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Write your own Sugar desktop activity

Most Sugar desktop activities are written in Python, using our Sugar Toolkit libraries.

Some Sugar desktop activities are written in languages other than Python, such as Smalltalk, C, and JavaScript. For new activities to run on both Sugar desktop and Sugarizer, please consider Write your own Sugar web activity.

This page shows how to develop an activity using Python 3 with Sugar Toolkit.

Setting up a development environment

Setup a development environment, for testing your activity and releasing it for distribution.

Create a new activity from a template

Locate the activity directories. They may include:

  • ~/Activities for native Sugar desktop, and packaged Sugar desktop on Fedora, Debian or Ubuntu;
  • /usr/share/sugar/activities for packaged Sugar desktop; and,
  • ~/sugar-build/activities for sugar-build only.

Each installed activity is in a directory under the activity directories. This is where you will create your new activity.

Clone the Hello World activity from hello-world on GitHub:

git clone Name.activity

Use the .activity suffix in the directory name of an activity, because that's the way an activity bundle is released.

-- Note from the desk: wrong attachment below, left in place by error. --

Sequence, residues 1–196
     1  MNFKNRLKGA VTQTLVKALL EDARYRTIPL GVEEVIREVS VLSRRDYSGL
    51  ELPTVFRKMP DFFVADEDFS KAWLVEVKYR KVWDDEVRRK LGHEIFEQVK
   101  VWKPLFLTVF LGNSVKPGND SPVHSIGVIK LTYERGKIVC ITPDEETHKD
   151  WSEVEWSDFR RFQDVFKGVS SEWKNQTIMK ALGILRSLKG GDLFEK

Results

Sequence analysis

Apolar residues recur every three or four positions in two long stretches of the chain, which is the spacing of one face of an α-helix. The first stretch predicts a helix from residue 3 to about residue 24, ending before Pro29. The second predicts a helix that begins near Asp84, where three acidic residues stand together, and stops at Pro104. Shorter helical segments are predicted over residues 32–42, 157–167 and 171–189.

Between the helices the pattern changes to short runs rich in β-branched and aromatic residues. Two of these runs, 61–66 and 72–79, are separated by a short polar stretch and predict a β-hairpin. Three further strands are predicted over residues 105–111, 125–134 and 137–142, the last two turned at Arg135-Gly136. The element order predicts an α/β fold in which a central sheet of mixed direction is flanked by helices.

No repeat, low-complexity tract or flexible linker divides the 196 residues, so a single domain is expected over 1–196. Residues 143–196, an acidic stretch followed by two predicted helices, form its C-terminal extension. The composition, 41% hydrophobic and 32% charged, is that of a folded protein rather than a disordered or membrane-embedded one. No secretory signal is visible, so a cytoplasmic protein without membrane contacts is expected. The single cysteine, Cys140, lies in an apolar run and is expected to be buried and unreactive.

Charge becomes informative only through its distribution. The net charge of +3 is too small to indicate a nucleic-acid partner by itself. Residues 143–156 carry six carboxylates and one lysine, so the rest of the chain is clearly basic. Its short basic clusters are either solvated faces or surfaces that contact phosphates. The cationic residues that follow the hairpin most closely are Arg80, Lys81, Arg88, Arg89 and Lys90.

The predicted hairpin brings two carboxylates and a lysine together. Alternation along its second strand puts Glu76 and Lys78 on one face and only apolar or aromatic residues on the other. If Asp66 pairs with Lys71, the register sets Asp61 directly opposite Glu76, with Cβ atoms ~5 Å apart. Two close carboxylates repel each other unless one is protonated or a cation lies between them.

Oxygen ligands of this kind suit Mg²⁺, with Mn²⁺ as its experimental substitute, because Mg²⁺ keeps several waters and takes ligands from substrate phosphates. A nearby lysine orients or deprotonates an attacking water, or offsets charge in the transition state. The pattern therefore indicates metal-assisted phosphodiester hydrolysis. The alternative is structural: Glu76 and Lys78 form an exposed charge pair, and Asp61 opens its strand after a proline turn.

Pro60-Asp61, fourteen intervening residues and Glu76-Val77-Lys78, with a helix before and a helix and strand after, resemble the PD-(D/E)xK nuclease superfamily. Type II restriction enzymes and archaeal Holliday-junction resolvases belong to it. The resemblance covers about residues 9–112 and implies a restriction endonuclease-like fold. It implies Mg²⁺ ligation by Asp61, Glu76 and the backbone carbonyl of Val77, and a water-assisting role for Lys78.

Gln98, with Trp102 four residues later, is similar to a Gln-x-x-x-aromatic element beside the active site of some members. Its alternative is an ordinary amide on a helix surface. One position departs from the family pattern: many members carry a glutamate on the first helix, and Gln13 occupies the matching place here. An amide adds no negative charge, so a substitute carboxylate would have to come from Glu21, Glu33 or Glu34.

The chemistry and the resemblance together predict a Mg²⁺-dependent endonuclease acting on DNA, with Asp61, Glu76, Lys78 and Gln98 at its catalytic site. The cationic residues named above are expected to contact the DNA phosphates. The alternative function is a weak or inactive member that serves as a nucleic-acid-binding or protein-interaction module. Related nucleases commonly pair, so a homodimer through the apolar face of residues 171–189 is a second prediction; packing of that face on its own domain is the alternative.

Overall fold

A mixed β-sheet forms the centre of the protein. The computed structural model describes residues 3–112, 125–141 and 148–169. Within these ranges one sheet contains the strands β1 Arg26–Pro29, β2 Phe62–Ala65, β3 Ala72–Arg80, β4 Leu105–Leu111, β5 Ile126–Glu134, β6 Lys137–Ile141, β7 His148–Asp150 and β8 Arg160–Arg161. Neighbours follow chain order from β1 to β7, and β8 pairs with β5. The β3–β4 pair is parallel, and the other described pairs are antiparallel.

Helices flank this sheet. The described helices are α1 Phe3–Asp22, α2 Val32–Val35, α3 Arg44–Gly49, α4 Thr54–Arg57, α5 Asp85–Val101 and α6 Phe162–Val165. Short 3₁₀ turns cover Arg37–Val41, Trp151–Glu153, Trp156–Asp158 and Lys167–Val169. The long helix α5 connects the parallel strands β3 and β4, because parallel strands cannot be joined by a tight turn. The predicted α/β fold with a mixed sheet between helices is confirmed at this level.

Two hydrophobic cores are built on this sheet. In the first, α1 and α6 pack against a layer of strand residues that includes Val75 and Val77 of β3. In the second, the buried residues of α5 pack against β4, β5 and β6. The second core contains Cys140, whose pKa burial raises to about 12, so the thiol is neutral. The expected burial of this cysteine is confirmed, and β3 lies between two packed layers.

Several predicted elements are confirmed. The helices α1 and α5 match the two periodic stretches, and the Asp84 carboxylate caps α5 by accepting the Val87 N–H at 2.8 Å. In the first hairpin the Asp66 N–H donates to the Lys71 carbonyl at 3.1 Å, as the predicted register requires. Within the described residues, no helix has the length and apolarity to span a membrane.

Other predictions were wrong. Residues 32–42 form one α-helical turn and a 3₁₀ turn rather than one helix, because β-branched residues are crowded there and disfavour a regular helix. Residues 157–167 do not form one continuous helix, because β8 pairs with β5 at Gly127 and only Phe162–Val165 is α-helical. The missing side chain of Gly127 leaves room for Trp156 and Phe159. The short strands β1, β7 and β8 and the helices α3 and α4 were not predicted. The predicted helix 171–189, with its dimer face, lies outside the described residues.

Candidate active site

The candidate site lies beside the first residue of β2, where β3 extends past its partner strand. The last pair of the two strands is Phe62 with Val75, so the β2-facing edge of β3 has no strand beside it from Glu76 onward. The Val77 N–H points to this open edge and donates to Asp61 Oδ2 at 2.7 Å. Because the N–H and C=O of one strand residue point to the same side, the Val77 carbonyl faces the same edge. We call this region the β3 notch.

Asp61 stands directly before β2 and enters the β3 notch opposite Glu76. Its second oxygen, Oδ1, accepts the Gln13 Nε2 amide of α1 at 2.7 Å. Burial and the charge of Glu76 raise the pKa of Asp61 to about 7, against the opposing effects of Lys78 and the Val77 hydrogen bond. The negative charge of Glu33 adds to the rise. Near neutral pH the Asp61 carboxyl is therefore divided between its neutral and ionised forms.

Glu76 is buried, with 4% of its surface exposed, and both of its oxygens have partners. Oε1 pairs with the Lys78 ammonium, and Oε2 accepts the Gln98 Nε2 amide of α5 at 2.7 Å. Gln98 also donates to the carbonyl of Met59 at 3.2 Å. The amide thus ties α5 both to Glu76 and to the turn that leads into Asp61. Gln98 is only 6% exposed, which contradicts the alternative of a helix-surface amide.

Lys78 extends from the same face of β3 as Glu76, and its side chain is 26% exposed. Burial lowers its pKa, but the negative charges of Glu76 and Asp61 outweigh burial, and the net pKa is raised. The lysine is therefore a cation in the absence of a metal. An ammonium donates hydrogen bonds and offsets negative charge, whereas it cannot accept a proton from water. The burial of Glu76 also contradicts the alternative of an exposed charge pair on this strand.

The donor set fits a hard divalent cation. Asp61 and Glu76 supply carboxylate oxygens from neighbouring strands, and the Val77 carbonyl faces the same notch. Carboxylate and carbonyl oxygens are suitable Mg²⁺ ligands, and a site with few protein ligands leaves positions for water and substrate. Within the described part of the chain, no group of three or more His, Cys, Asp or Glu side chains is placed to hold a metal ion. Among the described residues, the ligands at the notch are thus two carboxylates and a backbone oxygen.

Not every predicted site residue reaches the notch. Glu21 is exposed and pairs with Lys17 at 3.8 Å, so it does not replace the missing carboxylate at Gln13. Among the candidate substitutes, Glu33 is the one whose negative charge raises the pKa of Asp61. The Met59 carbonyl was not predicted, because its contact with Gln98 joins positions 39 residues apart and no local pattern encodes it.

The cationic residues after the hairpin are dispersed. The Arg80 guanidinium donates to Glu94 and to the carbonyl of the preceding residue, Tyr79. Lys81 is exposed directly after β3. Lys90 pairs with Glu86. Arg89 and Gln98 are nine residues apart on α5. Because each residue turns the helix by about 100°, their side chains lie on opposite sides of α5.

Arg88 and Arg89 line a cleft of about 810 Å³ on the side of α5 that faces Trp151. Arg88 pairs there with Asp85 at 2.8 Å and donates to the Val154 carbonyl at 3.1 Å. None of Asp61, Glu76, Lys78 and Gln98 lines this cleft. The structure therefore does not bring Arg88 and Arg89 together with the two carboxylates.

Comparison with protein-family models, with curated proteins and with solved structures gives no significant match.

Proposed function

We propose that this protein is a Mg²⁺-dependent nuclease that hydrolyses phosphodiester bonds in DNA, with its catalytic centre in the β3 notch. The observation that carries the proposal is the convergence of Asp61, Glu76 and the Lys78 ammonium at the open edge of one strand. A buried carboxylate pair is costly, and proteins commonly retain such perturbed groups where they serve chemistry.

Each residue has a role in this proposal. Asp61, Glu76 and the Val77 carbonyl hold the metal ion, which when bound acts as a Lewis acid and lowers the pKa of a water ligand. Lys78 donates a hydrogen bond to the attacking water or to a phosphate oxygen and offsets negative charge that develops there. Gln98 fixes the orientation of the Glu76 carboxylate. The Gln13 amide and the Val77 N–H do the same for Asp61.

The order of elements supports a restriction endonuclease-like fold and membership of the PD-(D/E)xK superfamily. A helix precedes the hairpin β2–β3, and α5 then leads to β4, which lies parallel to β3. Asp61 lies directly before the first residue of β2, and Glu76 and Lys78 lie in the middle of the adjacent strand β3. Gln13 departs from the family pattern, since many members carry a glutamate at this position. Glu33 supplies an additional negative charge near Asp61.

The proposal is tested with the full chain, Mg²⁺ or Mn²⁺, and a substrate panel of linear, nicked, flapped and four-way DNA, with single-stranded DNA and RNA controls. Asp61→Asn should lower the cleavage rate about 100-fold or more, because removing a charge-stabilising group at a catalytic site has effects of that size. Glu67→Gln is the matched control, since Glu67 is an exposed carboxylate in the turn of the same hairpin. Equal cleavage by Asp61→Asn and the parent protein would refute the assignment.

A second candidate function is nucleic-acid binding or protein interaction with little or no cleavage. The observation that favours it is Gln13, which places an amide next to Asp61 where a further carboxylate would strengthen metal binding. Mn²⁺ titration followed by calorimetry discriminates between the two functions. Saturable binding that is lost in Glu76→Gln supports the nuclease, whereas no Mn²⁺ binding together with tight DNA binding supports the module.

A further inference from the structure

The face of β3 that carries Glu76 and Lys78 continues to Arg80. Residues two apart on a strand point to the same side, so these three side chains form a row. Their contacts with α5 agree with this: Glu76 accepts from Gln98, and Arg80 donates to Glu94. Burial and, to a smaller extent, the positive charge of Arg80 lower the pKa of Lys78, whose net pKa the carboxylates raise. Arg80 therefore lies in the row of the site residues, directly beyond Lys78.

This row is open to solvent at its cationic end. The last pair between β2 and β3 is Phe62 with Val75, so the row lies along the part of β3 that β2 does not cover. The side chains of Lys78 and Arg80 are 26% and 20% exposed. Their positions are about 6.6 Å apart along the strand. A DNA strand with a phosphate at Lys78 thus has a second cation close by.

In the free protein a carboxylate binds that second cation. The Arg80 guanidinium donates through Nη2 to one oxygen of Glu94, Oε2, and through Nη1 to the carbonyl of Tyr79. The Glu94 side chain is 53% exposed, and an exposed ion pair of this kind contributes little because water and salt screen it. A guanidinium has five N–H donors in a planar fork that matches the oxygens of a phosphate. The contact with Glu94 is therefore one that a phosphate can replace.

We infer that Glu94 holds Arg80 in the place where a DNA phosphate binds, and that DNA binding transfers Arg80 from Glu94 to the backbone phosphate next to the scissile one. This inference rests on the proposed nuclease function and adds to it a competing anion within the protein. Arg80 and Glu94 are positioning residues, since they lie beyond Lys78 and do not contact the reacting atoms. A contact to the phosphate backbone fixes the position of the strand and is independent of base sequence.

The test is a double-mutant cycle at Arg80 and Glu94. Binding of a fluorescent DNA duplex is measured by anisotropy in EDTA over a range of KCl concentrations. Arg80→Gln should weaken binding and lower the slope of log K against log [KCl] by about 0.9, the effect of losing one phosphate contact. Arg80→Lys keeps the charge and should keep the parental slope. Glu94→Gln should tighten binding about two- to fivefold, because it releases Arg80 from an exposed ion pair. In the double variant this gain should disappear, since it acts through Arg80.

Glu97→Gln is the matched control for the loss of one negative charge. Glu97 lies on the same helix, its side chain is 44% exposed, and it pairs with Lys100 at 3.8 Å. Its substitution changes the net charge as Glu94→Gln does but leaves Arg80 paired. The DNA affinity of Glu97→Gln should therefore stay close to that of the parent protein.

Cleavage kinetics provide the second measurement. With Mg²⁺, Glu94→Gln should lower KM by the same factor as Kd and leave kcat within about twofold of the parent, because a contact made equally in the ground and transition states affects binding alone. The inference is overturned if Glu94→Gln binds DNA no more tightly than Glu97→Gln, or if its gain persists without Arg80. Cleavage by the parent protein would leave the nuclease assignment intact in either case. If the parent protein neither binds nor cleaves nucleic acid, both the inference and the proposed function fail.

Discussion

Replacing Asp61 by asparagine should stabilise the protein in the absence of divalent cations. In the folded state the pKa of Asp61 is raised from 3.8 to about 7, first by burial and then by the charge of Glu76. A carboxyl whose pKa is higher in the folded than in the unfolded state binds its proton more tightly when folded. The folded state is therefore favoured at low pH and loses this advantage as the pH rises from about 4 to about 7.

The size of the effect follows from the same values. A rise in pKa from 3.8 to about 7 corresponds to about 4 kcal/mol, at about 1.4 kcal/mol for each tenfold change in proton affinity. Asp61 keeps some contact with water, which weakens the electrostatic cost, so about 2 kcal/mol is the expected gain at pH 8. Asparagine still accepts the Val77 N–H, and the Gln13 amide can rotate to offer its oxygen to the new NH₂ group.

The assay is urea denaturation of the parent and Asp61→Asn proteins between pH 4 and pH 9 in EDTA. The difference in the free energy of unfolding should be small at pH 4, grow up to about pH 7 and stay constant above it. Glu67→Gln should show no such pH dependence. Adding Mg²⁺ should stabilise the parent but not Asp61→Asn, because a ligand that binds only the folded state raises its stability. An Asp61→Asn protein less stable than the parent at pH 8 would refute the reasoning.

Your clone of the Hello World activity contains a file, activity/

name = HelloWorld
activity_version = 1
bundle_id = org.sugarlabs.HelloWorld
exec = sugar-activity3 activity.HelloWorldActivity
icon = activity-helloworld
licence = GPLv3+
repository =

You must set a new name and a unique bundle_id for your activity.

Avoid punctuation in your bundle_id, e.g., is not valid. Instead, use CamelCase, e.g., org.sugarlabs.MyActivity.

You should change the Activity class in your file, e.g., from:

class HelloWorldActivity(activity.Activity):


class MyActivity(activity.Activity):

You must change the exec field as well, e.g., from:

exec = sugar-activity3 activity.HelloWorldActivity


exec = sugar-activity3 activity.MyActivity

You should set the repository field to the URL of the git repository of your project.

And we recommend that you use a GPLv3+ license.

Your file will look something like:

name = MyActivity
activity_version = 1
bundle_id = org.sugarlabs.MyActivity
exec = sugar-activity3 activity.MyActivity
icon = activity-helloworld
licence = GPLv3+
repository =

To read more about the file, see Activity Bundles on our Wiki.

You must make your activity icon unique in the Sugar interface by making a new one, or borrowing from another icon and making changes. Ask for help from the community if you don't feel comfortable with graphic design.

Here is activity/activity-helloworld.svg;

Activity Icon

You should rename this file and change icon in the file.

Your activity icon must follow the guidelines as described in The Sugar Interface: Icons on our Wiki.

There is a helper script, Sugar Iconify that will help you create Sugar-compliant icons.

Of course, the interesting changes will be the ones you make to the activity itself. Below you will find links to some resources on Sugar Activity development, but perhaps the best way to get started is to modify an existing activity that has features similar to the one you want to create.